The first smatterings of creativity from the band came with singles New Ends and Crowing Youth, the former has a purposeful blend of warm guitars and guttural drums, the latter sees Jordi’s swaggering vocals demanding the attention of listeners and twitching guitars probing the spacious, lifting single. Following those singles with Joy Affair, a sparse, winding reflection in which the band navigate a path through peaks and troughs across five minutes; and Provide, a single testing the four-piece’s melodic capabilities, with happy-go-lucky verses contrasting a surging chorus, the band slowly amassed a loyal fan-based in their native Birmingham whilst other cities started to prick their ears.
'If you’re from outside of the group, you’d think we were probably horrible at times, but we’re all like siblings and we love each other, even if we say the worst thing’s we can think of to one another!’ Jordi James
Reflecting on their earlier material, the brothers speak honestly. ‘The song’s that we wrote earlier were when we were a few years younger,’ says Jack. ‘At the time all we cared about was creating a band and playing as a band.’ Despite their relative youthfulness to writing as a band, the four-piece still managed to pull off a masterpiece with 2017’s When Did It All Go So Wrong?, a crashing, monolithic giant fit for mosh pits worldwide and rivalling the likes of Kasabian and Circa Waves in terms of riff-making capabilities. The single’s insurgent riff drills into the very core of the track, making it an instant ear-worm, whilst the end product is a pummelling slice of nostalgic indie-rock.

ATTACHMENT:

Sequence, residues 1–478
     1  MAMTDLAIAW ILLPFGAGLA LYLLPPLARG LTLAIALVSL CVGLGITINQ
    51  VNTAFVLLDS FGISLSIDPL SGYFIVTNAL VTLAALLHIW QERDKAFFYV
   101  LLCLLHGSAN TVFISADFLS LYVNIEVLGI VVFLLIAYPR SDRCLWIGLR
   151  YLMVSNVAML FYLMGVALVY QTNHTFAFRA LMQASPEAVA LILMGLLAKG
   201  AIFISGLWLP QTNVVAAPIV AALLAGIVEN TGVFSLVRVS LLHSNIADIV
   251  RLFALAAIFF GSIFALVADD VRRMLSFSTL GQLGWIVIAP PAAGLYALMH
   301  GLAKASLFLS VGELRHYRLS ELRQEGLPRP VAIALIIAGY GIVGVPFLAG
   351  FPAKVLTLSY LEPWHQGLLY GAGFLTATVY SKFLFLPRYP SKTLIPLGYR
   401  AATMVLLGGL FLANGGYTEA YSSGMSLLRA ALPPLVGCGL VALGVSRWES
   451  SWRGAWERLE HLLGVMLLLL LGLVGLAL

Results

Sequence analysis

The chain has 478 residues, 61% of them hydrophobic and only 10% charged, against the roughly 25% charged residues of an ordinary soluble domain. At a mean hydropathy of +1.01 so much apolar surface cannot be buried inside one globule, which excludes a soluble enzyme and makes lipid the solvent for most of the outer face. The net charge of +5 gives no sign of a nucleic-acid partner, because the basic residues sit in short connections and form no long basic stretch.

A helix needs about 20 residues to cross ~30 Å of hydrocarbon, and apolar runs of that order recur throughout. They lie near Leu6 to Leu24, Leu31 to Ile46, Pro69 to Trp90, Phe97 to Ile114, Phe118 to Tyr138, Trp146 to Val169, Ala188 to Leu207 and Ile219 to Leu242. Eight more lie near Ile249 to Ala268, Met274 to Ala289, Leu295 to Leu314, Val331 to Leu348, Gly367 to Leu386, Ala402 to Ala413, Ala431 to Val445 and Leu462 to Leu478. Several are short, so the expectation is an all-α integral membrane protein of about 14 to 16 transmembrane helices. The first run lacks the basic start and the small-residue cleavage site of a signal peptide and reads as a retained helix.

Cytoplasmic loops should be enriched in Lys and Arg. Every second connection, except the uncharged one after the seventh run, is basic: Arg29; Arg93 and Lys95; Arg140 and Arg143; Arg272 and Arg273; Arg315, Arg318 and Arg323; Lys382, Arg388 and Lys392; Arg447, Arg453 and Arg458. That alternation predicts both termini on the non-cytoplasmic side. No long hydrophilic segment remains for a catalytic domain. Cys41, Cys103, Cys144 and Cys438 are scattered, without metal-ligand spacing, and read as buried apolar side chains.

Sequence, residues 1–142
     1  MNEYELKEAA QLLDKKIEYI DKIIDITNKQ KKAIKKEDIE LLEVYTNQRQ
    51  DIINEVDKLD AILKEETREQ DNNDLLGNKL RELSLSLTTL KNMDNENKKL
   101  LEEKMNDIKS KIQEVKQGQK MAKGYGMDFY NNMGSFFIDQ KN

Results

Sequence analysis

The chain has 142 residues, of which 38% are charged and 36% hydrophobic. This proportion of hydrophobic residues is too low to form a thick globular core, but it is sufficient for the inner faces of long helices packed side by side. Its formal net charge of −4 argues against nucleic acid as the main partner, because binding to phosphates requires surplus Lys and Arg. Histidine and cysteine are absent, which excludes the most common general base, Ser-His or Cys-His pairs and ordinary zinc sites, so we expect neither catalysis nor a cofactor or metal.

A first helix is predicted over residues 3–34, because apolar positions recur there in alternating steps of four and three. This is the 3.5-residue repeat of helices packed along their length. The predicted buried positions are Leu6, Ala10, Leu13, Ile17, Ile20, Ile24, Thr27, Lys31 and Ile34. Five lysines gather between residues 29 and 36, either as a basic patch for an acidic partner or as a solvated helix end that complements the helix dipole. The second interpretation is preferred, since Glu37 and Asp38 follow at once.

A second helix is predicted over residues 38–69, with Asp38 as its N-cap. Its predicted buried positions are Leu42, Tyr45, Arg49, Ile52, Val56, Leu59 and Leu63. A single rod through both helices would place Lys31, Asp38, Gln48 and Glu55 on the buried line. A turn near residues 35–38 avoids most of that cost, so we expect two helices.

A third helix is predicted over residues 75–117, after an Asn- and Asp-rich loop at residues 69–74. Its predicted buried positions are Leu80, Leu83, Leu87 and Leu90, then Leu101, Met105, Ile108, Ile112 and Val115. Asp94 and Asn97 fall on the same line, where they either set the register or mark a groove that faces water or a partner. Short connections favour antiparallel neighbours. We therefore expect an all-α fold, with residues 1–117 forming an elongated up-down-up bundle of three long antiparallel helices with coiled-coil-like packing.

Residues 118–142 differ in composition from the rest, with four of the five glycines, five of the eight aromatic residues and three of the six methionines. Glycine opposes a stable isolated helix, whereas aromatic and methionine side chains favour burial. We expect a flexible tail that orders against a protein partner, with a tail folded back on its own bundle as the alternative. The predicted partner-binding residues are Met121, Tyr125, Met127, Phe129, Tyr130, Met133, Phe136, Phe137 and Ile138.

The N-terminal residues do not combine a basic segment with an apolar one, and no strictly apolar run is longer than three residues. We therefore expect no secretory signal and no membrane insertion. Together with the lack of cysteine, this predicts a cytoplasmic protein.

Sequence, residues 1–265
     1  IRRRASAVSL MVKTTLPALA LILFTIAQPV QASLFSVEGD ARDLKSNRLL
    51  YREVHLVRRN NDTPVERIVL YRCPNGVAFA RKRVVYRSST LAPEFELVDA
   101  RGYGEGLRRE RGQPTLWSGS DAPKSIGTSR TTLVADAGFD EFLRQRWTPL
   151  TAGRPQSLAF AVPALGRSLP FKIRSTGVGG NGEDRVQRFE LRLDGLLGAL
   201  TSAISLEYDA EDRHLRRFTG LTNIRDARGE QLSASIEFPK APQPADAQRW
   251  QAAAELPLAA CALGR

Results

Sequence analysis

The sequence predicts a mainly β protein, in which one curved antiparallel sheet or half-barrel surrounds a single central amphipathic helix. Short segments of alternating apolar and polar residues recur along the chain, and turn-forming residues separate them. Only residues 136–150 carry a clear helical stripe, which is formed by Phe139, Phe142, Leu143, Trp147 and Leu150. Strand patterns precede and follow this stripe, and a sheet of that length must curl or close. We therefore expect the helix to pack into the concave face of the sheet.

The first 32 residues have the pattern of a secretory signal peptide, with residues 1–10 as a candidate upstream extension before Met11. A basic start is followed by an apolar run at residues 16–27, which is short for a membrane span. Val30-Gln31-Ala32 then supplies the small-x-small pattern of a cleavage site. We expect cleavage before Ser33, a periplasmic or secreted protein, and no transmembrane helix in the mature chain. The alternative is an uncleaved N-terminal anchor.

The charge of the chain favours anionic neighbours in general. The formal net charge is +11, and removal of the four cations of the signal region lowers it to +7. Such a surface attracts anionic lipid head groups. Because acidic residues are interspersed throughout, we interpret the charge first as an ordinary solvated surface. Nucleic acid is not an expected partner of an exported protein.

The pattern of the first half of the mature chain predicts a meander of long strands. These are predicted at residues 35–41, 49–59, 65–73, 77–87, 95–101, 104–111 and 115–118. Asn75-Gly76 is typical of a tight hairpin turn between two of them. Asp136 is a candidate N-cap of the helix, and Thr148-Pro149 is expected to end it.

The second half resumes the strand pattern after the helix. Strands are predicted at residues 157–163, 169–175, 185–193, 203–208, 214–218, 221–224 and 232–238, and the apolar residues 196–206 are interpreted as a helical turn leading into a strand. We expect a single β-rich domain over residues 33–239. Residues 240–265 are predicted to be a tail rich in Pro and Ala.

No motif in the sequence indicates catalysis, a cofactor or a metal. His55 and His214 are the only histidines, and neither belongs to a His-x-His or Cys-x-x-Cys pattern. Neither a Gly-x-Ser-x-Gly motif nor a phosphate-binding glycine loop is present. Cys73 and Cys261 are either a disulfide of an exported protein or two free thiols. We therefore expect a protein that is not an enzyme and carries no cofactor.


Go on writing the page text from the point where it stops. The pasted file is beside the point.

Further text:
Despite their ease in writing indie rock thrillers, SUGARTHIEF weren’t content with what they were producing and looked to transition their sound to something closer to home, with the influence of 1970s psychedelic rock providing a key inspiration. 'We’d been listening to a lot of different stuff anyway and I’d been experimenting a lot with different instruments, says Jordi. ‘In the last year or two I’ve started getting random organs and electric keyboards, and at first it was kind of a weird thing just trying different sounds and having some fun with it but then it kind of developed into me playing a bit more keys and then I got a few more synths and stuff and ended up getting a piano about a year ago. All of those influences have brought a different side to our sound and the way we write songs. We listen to different genres as well now so it kind of felt like instead of writing certain kinds of songs, we just set about writing what we want to write. It’s a more open process.’